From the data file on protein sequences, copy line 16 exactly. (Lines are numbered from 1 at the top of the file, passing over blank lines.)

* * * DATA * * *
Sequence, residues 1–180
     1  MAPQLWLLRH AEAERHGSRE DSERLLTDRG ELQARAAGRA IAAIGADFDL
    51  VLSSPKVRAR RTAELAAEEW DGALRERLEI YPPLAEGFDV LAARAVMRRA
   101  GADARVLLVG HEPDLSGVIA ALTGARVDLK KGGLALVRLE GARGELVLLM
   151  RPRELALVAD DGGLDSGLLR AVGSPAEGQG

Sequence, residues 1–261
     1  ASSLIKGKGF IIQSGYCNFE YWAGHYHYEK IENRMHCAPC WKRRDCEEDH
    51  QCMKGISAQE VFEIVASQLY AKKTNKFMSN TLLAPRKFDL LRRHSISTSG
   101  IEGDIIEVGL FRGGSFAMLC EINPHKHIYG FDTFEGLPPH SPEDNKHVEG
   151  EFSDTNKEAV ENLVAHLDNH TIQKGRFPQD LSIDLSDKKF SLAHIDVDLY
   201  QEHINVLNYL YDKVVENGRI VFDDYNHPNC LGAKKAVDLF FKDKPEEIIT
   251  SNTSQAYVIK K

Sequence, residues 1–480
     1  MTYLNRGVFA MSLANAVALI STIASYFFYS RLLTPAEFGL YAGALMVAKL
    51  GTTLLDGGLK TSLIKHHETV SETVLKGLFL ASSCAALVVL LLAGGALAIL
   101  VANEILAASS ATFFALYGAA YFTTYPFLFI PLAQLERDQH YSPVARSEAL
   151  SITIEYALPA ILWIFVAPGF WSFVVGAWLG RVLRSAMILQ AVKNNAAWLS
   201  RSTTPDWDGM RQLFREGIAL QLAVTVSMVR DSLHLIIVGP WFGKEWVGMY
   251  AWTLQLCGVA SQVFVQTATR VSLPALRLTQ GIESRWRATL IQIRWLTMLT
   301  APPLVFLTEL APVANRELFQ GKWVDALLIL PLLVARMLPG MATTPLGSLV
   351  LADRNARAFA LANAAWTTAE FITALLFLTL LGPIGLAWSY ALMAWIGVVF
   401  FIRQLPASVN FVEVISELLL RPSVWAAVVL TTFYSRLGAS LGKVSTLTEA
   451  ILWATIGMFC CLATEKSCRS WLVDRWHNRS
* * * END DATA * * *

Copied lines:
   101  VANEILAASS ATFFALYGAA YFTTYPFLFI PLAQLERDQH YSPVARSEAL